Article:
IOI '12 P3 - Crayfish Scrivener

View as PDF

Submit solution

Points: 15 (partial)
Time limit: 1.0s
Memory limit: 256M

Problem type
Allowed languages
C, C++

Some people say that Leonardo was a great admirer of Johannes Gutenberg, the German blacksmith who invented movable-type printing, and that he paid homage by designing a machine called the crayfish scrivener — il gambero scrivano — a very simple typing device. It is somehow similar to a simple modern typewriter and accepts only two commands: one to type the next character and one to undo the most recent commands. The notable feature of the crayfish scrivener is that the undo command is extremely powerful: an undo is also considered to be a command itself, and can be undone.


Your task is to realize a software version of the crayfish scrivener: it starts with an empty text and accepts a sequence of commands entered by the user, and queries for specific positions of the current version of the text, as follows.

  • Init() — called once at the beginning of the execution, without arguments. It can be used for initializing data structures. It will never need to be undone.
  • TypeLetter(L) — append to the end of the text a single lowercase letter L chosen from a, \ldots, z.
  • UndoCommands(U) — undo the last U commands, for a positive integer U.
  • GetLetter(P) — return the letter at position P in the current text, for a non-negative index P. The first letter in the text has index 0. (This query is not a command and thus is ignored by the undo command.)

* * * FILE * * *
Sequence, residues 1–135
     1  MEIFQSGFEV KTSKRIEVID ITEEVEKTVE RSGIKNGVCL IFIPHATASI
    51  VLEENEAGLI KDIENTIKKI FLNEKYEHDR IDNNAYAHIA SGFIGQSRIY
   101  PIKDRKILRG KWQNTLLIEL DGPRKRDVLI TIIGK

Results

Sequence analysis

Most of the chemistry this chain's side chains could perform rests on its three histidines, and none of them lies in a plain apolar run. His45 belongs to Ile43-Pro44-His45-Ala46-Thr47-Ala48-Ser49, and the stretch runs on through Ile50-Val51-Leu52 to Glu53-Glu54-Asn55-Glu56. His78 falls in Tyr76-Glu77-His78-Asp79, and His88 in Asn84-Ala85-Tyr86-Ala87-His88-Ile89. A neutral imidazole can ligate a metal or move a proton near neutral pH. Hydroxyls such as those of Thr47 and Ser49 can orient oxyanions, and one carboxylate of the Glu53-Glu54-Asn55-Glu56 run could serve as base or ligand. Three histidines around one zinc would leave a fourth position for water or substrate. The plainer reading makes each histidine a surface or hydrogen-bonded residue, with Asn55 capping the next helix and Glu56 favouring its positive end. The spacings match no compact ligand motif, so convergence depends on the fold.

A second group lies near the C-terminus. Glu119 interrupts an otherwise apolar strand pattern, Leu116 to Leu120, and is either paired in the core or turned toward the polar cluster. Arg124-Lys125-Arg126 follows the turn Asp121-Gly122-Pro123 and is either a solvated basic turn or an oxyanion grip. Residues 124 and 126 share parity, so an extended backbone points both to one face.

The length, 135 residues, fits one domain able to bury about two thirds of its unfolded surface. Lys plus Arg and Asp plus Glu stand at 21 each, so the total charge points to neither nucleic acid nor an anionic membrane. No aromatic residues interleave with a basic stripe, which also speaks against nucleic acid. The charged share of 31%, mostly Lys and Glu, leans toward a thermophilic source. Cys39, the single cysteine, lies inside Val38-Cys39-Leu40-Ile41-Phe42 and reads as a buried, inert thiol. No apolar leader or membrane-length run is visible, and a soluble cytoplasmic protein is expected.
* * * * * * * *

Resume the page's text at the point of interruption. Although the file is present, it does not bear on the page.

After the initial call to Init(), the other routines can be called zero or more times in any order. It is guaranteed that U will not exceed the number of previously received commands, and that P will be less than the current text length (the number of letters in the current text).

As for UndoCommands(U), it undoes the previous U commands in reverse order: if the command to be undone is TypeLetter(L), then it removes L from the end of the current text; if the command to be undone is UndoCommands(X) for some value X, it re-does the previous X commands in their original order.


We show a possible sequence of calls, together with the state of the text after each call.

Call Returns Current text
TypeLetter(a) a
TypeLetter(b) ab
GetLetter(1) b ab
TypeLetter(d) abd
UndoCommands(2) a
UndoCommands(1) abd
GetLetter(2) d abd
TypeLetter(e) abde
UndoCommands(1) abd
UndoCommands(5) ab
TypeLetter(c) abc
GetLetter(2) c abc
UndoCommands(2) abd
GetLetter(2) d abd

Subtask 1 [5 points]

  • The total number of commands and queries is between 1 and 100 (inclusive) and there will be no calls to UndoCommands.

Subtask 2 [7 points]

  • The total number of commands and queries is between 1 and 100 (inclusive) and no UndoCommands will be undone.

Subtask 3 [22 points]

  • The total number of commands and queries is between 1 and 5\,000 (inclusive).

Subtask 4 [26 points]

  • The total number of commands and queries is between 1 and 1\,000\,000 (inclusive). All calls to GetLetter will occur after all calls to TypeLetter and UndoCommands.

Subtask 5 [40 points]

  • The total number of commands and queries is between 1 and 1\,000\,000 (inclusive).

Implementation details

You must implement the subprograms described above using the following signatures.

C/C++ programs
void Init();
void TypeLetter(char L);
void UndoCommands(int U);
char GetLetter(int P);
Pascal programs
procedure Init;
procedure TypeLetter(L : Char);
procedure UndoCommands(U : LongInt);
function GetLetter(P : LongInt) : Char;

These subprograms must behave as described above. Of course you are free to implement other subprograms for their internal use. Your submissions must not interact in any way with standard input/output, nor with any other file.


There are no comments at the moment.